A retired GP is backing a new campaign which will support the early diagnosis of pancreatic cancer, following a tragedy within his family.
Dr Hugh Campbell is backing the Unite-Diagnose-Save Lives campaign to help fund the first ever simple test for the disease following the death of his sister-in-law, Kim Hopper, from Yarburgh near Louth, just four weeks after her cancer diagnosis in November 2017.
Kim’s tragic death, at the age of 61, left her partner Chris - who she married just one week before she passed away - devastated.
Dr Campbell, who is Chris’s brother, said that his family was ‘completely shocked’ by Kim’s diagnosis and her decline in the four weeks that followed.
And, as a former GP himself, Dr Campbell knows first hand just how difficult it can be to detect this particular form of deadly cancer.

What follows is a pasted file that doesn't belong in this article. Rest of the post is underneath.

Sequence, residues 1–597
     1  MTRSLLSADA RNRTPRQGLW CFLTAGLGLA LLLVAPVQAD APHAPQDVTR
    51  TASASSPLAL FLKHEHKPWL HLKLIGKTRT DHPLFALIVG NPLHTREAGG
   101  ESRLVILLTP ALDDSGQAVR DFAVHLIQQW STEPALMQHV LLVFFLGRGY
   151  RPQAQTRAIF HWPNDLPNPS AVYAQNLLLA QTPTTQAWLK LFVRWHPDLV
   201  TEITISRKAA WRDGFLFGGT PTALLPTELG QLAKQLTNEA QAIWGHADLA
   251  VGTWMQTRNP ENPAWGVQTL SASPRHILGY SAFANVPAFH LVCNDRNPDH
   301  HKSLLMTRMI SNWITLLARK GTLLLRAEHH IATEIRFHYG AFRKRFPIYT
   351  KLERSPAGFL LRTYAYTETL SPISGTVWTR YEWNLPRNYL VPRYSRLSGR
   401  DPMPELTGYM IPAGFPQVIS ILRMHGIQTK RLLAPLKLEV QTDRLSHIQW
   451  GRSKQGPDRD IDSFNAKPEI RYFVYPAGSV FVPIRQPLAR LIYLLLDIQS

According to Pancreatic Cancer UK, just one in ten GPs say they have the tools they need to diagnose pancreatic cancer - which is the deadliest common cancer - early enough for treatment to be possible.
One in four pancreatic cancer patients die within a month of diagnosis, making it the quickest killing cancer.
No screening or early detection tests exist for the disease, and currently just over half of all patients are diagnosed at stage 4 cancer.
This month, Pancreatic Cancer UK has invested an initial £750,000 in the research and is asking for the public’s support to ensure that a breakthrough can be made.
Vague symptoms such as back pain, indigestion and weight loss mean that pancreatic cancer often goes undetected until after it has spread, leaving patients ineligible for the only potential cure - surgery to remove the tumour.
Dr Campbell said: “Kim’s patient journey had been awful, with various missed opportunities to establish what was wrong.
“She was a lovely person, we loved her very much and were close to her.”
• Visit www.pancreaticcancer.org.uk to find out more and support the campaign.